However, Professor Frankel says that even though such a small minority of cases are currently linked to salads, the numbers are likely to increase in coming years. "In their efforts to eat healthily, people are eating more salad products, choosing to buy organic brands, and preferring the ease of 'pre-washed' bagged salads from supermarkets, then ever before. All of these factors, together with the globalisation of the food market, mean that cases of Salmonella and E. coli poisoning caused by salads are likely to rise in the future. This is why it's important to get a head start with understanding how contamination occurs now," he said.

In a previous study, Professor Frankel and his colleagues discovered the mechanism by which E. coli 0157 binds to salad leaves. They have shown that E. coli O157 bacteria use short needle-like filaments, which are normally used to inject bacterial proteins into human cells, to attach them to salad leaves, causing contamination and a risk of transmission via the food chain to humans.


Story Source:

The above story is based on materials provided by Imperial College London. Note: Materials may be edited for content and length.


Cite This Page:

Imperial College London. "How Salmonella Bacteria Contaminate Salad Leaves." ScienceDaily. ScienceDaily, 5 September 2008. <www.sciencedaily.com/releases/2008/09/080902221812.htm>.
Imperial College London. (2008, September 5). How Salmonella Bacteria Contaminate Salad Leaves. ScienceDaily. Retrieved July 30, 2014 from www.sciencedaily.com/releases/2008/09/080902221812.htm
Imperial College London. "How Salmonella Bacteria Contaminate Salad Leaves." ScienceDaily. www.sciencedaily.com/releases/2008/09/080902221812.htm (accessed July 30, 2014).

Share This




More Health & Medicine News

Wednesday, July 30, 2014

Featured Research

from universities, journals, and other organizations


Featured Videos

from AP, Reuters, AFP, and other news services

Health Insurers' Profits Slide

Health Insurers' Profits Slide

Reuters - Business Video Online (July 30, 2014) Obamacare-related costs were said to be behind the profit plunge at Wellpoint and Humana, but Wellpoint sees the new exchanges boosting its earnings for the full year. Fred Katayama reports. Video provided by Reuters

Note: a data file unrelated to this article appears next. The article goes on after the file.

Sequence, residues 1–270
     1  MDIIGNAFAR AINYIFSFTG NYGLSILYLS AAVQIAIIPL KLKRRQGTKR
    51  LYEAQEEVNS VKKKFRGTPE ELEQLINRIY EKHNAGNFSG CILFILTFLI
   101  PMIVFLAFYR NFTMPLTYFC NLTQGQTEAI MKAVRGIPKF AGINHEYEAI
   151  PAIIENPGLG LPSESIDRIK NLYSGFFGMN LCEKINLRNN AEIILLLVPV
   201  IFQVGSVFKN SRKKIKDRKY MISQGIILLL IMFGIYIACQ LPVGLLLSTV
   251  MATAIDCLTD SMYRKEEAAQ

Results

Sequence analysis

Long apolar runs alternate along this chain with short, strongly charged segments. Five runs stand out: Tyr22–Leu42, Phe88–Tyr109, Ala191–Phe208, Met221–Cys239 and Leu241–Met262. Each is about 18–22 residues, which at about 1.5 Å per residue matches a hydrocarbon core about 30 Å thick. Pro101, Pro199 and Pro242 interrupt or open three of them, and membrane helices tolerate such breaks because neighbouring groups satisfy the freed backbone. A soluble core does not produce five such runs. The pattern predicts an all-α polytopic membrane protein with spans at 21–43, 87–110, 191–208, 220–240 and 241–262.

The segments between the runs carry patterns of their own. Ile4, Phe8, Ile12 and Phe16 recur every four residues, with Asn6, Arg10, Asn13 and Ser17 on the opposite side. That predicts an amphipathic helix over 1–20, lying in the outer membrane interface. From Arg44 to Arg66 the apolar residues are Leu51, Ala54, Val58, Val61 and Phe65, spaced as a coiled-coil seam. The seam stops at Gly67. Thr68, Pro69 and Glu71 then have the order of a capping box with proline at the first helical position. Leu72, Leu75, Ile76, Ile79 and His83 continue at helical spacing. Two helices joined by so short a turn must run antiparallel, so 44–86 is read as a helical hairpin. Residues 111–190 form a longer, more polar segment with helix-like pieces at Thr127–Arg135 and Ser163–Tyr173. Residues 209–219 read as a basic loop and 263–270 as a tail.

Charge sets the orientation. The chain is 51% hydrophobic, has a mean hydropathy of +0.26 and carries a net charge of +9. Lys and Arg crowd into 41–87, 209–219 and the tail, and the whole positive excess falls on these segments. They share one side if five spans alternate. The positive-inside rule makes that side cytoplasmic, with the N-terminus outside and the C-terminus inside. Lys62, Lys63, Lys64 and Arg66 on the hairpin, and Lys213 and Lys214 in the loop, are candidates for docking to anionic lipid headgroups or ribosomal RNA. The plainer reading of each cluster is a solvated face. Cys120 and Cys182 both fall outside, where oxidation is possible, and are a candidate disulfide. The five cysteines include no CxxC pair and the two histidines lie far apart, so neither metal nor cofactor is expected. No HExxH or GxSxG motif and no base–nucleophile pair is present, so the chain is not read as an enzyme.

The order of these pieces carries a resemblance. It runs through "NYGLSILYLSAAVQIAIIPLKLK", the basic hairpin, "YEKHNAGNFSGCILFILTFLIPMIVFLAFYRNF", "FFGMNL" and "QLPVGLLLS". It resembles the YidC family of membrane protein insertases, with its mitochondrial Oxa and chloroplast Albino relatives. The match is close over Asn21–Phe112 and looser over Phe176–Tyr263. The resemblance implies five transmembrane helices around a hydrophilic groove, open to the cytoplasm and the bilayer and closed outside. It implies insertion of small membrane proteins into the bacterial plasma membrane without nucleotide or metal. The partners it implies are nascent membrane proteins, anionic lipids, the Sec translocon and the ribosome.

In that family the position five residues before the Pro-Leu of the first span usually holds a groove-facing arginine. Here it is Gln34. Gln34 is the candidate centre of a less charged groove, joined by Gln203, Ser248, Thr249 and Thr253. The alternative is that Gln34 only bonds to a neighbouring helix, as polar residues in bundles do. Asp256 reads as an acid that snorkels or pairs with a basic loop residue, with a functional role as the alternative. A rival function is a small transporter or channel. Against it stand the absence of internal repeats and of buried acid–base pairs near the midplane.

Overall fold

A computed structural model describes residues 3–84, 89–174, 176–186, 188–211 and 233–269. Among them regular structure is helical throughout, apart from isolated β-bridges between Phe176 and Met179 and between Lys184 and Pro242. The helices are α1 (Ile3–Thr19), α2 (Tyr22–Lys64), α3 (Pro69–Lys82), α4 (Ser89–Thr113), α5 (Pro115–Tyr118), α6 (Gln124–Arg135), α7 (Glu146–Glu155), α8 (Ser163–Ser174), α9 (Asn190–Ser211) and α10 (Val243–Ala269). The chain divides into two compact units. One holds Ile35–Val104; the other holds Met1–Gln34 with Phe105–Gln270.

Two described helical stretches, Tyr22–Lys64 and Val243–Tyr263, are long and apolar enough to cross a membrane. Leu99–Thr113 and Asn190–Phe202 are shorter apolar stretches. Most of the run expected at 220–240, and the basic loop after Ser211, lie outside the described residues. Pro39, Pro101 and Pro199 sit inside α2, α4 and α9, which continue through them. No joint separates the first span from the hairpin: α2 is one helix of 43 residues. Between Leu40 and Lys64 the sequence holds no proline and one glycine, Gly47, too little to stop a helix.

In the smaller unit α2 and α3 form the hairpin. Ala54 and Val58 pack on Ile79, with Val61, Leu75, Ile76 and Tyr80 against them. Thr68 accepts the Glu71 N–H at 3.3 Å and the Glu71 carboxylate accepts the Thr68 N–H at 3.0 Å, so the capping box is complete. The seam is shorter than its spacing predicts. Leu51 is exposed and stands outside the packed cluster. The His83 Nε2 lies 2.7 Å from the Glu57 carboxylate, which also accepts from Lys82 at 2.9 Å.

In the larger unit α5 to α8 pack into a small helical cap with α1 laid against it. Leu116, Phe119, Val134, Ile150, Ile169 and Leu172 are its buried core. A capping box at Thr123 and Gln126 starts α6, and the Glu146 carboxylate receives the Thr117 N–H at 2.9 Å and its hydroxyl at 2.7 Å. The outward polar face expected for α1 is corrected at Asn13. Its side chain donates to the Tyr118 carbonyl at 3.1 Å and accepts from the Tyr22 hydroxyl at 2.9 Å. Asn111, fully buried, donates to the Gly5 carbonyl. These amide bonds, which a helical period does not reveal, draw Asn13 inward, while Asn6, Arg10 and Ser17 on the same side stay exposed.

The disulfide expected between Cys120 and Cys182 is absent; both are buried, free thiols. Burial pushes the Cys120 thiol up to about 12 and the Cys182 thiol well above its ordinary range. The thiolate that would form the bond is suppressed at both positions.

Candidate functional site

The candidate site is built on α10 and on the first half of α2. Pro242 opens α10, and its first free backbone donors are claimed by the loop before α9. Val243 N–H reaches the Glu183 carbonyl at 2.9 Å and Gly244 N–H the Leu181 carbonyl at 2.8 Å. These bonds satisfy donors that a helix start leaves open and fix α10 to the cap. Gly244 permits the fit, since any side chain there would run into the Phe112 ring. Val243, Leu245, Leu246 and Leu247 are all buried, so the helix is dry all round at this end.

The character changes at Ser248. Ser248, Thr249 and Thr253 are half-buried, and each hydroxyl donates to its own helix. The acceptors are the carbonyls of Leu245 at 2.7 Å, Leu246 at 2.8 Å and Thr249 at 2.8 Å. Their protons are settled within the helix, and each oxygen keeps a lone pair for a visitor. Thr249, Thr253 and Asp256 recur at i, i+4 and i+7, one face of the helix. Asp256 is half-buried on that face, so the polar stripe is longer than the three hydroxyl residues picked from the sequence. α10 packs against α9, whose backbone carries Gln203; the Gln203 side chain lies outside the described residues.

Powered by NewsLook.com
Concern Grows Over Worsening Ebola Crisis

Concern Grows Over Worsening Ebola Crisis

AFP (July 30, 2014) Pan-African airline ASKY has suspended all flights to and from the capitals of Liberia and Sierra Leone amid the worsening Ebola health crisis, which has so far caused 672 deaths in Guinea, Liberia and Sierra Leone. Duration: 00:43 Video provided by AFP
Powered by NewsLook.com
At Least 20 Chikungunya Cases in New Jersey

At Least 20 Chikungunya Cases in New Jersey

AP (July 30, 2014) At least 20 New Jersey residents have tested positive for chikungunya, a mosquito-borne virus that has spread through the Caribbean. (July 30) Video provided by AP
Powered by NewsLook.com
Generics Eat Into Pfizer's Sales

Generics Eat Into Pfizer's Sales

Reuters - Business Video Online (July 29, 2014) Pfizer, the world's largest drug maker, cut full-year revenue forecasts because generics could cut into sales of its anti-arthritis drug, Celebrex. Fred Katayama reports. Video provided by Reuters
Powered by NewsLook.com

Search ScienceDaily

Number of stories in archives: 140,361

Find with keyword(s):
Enter a keyword or phrase to search ScienceDaily for related topics and research stories.

Save/Print:
Share:

Breaking News:
from the past week

In Other News

... from NewsDaily.com

Science News

Health News

Environment News

Technology News



Save/Print:
Share:

Free Subscriptions


Get the latest science news with ScienceDaily's free email newsletters, updated daily and weekly. Or view hourly updated newsfeeds in your RSS reader:

Get Social & Mobile


Keep up to date with the latest news from ScienceDaily via social networks and mobile apps:

Have Feedback?


Tell us what you think of ScienceDaily -- we welcome both positive and negative comments. Have any problems using the site? Questions?
Mobile: iPhone Android Web
Follow: Facebook Twitter Google+
Subscribe: RSS Feeds Email Newsletters
Latest Headlines Health & Medicine Mind & Brain Space & Time Matter & Energy Computers & Math Plants & Animals Earth & Climate Fossils & Ruins